Shaidy Bruck, Plaintiff, v. 51st Homes Realty Inc., Defendant(s).
Recitation, as required by CPLR § 2219(a), of the papers considered in the review of this motion:
Notice of Motion/Order to Show Cause/ Petition/Cross Motion And Affidavits (Affirmations) 1
Opposing Affidavits (Affirmations) 2A, 2B
Reply Affidavits (Affirmations) 3
Defendant, 51st Homes Realty Inc., moves by notice of motion, sequence number three, for an order pursuant to CPLR §§ 3212 and 3211 1 granting summary judgment, dismissing the complaint and for such other relief as this Court may deem just and proper. Plaintiff, Shaindy Bruck, opposes the motion.
On February 6, 2014, between 7:00 p.m. and 8:00 p.m. plaintiff alleges that she was injured when she slipped and fell on snow and ice on the sidewalk abutting 1556 51st Street (the premises), Brooklyn, New York. The premises, a two-family home, is owned by the defendant 51st Homes Realty Inc.
At plaintiff's examination before trial (EBT) on December 10, 2018, plaintiff testified that it last snowed three days prior to her slip and fall (see Notice of Motion, Exhibit F, EBT Transcript at p 24, ll 9-17). At the time of the accident, there was a smooth layer of ice outside of 1556 51st Street. It looked like the property was not shoveled, the snow melted and then covered the sidewalk with ice (see id. at p 34).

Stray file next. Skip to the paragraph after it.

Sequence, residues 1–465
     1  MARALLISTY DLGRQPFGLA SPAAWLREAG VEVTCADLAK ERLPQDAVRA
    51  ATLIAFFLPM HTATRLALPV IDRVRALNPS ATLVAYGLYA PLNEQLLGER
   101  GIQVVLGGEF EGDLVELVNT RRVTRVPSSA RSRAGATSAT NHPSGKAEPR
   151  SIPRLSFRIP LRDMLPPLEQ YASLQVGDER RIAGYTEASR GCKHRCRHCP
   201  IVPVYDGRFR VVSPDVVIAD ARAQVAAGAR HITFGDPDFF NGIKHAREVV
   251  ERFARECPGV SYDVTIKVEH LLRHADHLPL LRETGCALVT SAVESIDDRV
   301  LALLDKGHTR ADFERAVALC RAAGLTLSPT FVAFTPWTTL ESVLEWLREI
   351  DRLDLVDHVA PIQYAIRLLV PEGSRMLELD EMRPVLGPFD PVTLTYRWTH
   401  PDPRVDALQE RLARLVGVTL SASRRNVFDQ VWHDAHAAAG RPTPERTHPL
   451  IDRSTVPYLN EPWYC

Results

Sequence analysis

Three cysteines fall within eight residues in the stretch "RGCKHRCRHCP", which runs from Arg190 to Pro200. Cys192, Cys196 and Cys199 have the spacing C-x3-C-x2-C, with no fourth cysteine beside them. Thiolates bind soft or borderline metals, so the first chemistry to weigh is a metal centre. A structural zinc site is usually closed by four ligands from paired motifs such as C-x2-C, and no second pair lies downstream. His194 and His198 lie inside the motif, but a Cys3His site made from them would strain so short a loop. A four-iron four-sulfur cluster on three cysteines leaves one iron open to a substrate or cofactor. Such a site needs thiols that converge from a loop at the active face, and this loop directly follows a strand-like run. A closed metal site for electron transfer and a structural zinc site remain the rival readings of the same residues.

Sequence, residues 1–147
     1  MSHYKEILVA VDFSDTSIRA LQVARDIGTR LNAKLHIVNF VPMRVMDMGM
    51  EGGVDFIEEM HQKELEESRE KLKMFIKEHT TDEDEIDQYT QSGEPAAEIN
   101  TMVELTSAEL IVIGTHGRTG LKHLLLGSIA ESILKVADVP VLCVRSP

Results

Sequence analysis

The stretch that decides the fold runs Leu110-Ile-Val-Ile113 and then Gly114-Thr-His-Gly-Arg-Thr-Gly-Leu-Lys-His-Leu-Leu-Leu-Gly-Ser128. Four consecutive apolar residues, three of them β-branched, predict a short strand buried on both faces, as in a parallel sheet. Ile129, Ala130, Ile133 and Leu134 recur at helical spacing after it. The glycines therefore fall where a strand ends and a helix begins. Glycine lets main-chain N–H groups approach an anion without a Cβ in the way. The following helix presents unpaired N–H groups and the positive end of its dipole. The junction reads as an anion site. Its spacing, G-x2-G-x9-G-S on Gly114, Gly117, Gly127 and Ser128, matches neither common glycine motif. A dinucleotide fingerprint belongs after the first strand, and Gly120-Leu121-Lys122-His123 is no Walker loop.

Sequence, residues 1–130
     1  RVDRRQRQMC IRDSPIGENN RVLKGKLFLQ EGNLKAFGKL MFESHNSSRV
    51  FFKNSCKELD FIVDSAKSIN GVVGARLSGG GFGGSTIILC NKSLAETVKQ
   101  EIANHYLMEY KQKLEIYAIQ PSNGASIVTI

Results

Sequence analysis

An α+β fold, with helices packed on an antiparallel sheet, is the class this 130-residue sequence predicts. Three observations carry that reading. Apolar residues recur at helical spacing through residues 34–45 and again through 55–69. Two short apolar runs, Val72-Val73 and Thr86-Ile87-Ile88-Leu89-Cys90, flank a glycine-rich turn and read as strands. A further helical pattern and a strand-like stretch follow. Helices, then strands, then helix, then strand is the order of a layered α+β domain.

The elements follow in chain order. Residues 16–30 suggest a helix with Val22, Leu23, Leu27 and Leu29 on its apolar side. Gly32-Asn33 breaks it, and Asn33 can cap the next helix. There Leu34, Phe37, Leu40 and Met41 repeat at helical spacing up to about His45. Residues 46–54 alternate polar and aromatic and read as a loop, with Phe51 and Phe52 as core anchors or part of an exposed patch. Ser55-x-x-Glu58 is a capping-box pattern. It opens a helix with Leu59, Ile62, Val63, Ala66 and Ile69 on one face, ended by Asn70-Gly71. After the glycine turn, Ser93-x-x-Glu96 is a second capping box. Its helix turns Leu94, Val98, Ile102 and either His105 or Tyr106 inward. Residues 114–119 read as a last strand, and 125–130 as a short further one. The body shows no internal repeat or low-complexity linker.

Joseph Heiman testified at an EBT on January 7, 2019, that he is the president of 51st Homes Realty Inc., not a salaried employee (see Notice of Motion, Exhibit G, EBT Transcript p 6, ll 13-25). Heiman is the only officer of the defendant corporation and the "sole stock holder" (id. at p 7, ll 8-13, 21-23). Heiman first testified that he is not the owner of the corporation (see id. at p 6, ll 21-23). However, when asked whether he "own[s] the corporation and does the corporation own the building located at 1556 51st Street", Heiman testified "Yes" (id. at p 7, ll 14-17). In his affidavit, Heiman stated that defendant is the owner of the premises.2 The premises is the only property owned by the corporation (see id. at p 7, ll 24-25; p 8, l 1). Heiman testified that the corporation has owned the premises since 2008 (see id. at p 7, ll 18-20).3
Heiman further testified that he has lived in the premises since 2011. He and his family reside in the top two floors and a tenant resides on the main floor (see id. at p 8, ll 12-25). Heiman testified that he never shoveled snow due to his heart condition (see id. at p 17, ll 14-15). "Maybe [the tenant's children] voluntarily [shoveled] if they played in the street" (id. at p 18, ll 20-25). Heiman also bought shovels for his five children at a toy store, and he does not remember if they shoveled the sidewalk that abutted the premises (see id. at p 20, ll 2-10). Heiman never made any effort to clean or shovel snow and ice or have anyone clear the snow or ice on the sidewalk that abutted the premises (see id. at p 25, ll 3-9).